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the generic case we have a common medium where many nodes can
communicate. Somehow the protocol must be able to determine which
messages are relevant for the listening node, and possibly the origin
of the message.
case is a point to point connection. In this model the receiver and
receiver knows (by topology) that the message is sent to/from the other
One option for a multi-node network is that all messages are
broadcasted and every node receives every message and from the contents
of the message determine if it is interesteing or not. This is what we
have done so far, but in many cases we want to organize the addressing
Defining some roles: a master or client initiates a transmission and
one or more
slaves/servers receive the message, possibly replying of performing
some activity specified in the message.
If the master transmits a message ID the slaves can from this ID
determine if it is interesting to them. Message
IDs are meant like topics rather than addresses, thus any master can
send a message about a topic and any slave can listen and act
on any number of topics. Notably CAN bus uses this notation.
many buses the message ID is structured where part of it identifies a
node ID, thus dedicatig a message to a certain receiver. In a
multi-master network it can be beneficial to also include the maser
node ID in the message ID allowing the slave to send data dedicated for
a dedicated master node. On a single master network no master address
is reqired. Even if the slave initiates the transmission only
master will listen since no other slaves will listen to the slave
address. It may also be omitted if the network guarantees that the
response from the slave is sent back to the sending master before any
other master can take control of the bus.
Often a message contains
both the master address and the slave address. In some cases nodes are
both master and slave meaning masters and slaves share a common address
space. In other networks slaves and masters have separate adderss
spaces they are not necessarily the same size. One byte could for
instance support a network of 4 masters and 64 slaves (2 + 6 bits) or 8
masters and 32 slaves.
In a peer to peer network address space is symmetric and 8
bits can only address 16 nodes, each one being either master or slave.
Sometimes one address is reserved for broadcasts to all slaves (or
possibly all masters or all nodes).
a sender does not wait for acknowledge of one message before sending
the next one there may be an ambiguity on which message is acknowledged
and which is not. One way to deal with this is to supply an arbitrary
(frame ID) with each message and the acknowledge indicates which
acknowledge refers to. This can increase throughput in a system where
communication latency is long in comparsion with raw data transfer.
general the sender should handle lost packets by e.g. resending or
report to the master software that the slave could not be contacted. If
the arbitrary IDs are created sequentially and the receiver checks that
they are received in sequence there must be a means to restart the
sequence in case there is a hard failure transmitting the message.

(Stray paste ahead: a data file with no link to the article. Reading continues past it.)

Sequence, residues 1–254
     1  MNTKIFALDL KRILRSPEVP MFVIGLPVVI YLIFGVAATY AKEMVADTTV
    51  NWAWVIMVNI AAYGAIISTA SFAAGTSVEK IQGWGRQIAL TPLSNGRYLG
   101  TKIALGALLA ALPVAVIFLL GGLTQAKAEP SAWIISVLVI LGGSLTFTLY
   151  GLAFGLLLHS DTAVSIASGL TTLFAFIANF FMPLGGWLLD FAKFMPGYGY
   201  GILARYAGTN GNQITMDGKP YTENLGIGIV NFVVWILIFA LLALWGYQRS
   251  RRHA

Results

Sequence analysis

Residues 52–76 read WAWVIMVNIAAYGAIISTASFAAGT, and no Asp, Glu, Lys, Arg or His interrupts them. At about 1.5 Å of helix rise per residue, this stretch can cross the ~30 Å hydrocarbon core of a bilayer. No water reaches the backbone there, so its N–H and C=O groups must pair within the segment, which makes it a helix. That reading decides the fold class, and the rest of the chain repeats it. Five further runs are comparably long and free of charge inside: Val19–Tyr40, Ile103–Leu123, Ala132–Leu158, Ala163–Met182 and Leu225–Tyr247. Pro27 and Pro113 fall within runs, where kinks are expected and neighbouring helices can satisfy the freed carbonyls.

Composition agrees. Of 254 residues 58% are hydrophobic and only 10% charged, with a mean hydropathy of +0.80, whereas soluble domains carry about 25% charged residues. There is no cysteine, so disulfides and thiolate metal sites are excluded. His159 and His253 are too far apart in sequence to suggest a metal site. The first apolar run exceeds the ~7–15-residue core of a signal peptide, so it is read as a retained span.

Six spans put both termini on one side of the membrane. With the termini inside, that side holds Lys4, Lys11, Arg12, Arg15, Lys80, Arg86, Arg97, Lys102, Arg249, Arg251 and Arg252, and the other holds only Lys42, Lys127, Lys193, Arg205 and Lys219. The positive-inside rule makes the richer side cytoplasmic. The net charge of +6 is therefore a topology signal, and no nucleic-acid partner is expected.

be of any value you need at least three sequence numbers. With a single
bit (2 values) only there is no way to tell whether the sender re-sent
a mesage or you lost a message in transmission.
|Putting it all together
The frame ID can be considered part of the message ID.
With all this a message frame could look like this:
fields may be bit-stuffed and master, slave or frame-ID may be zero
bits in length. E.g. if you have an UART able to transmit 9 bits per
byte they may be allocated as follows:
one byte header for a network allowing 4 masters, 8 slaves and 4
unacknowledged data packets per connection. Or skip the frame ID and
allow 4 masters and 32 slaves.
remaining 8 bits are data
1 = control
||0 = data
1 = ACK packet
Or add another header byte allowing more bits per field.
byte must be reserved as framing char though, e.g. disallowing master0
to send a frame to slave 0 with frame ID=0. One way is to allow only
frame ID 1-3, not 0.
On an 8-bit channel you would probably wnt to
reserve fewer codes, e.g. reserving START, END, ACK and ESC bytes for
type of frame (escaping these in the message), having 8 bits in the
second header byte for addressing and optionally frame ID. E.g.
Everything from head to crc (including) escaped when byte s reserved.
general there is a fixed number of bytes of overhead for each message.
This causes longer messages to contain less overhead in relation to the
payload. The drawback of long messages is that they reserve
bandwidth for one transfer while other, maybe important messages are
postponed until the long message is transmitted.
In general the
solution is to split long transfers up in several smaller or just not
allow messages over a certain length. E.g. CAN and LIN bus interfaces
maximum length of 8 bytes. Now that we have "error-free" delivery of
packages it is easy to generate arbitrary length messages in the data
bytes sent, e.g. having a length specification first, or a command
implicitly specifying length. This would be the next layer in the
protocol stack. In this case sequential frame-IDs may be beneficial.
Another option is to allow a higher
priority message to suspend a bulk transfer and after transmission
resume the bulk transfer again. Just add two more codes INTR and
ENDINTR reserved in the message. If source is another node in the
network some arbitration need be done of course.
third option is to reserve some bandwidth, e.g. every 10th byte, to
high-priority tasks. This consumes potentially a lot of available
bandwidth for bulk transfers though.
reason to split up bulk transfers into shorter mesages is that messages
are often buffered and you don't usually want to allocate large
buffers, nor overwrite application data until correct message is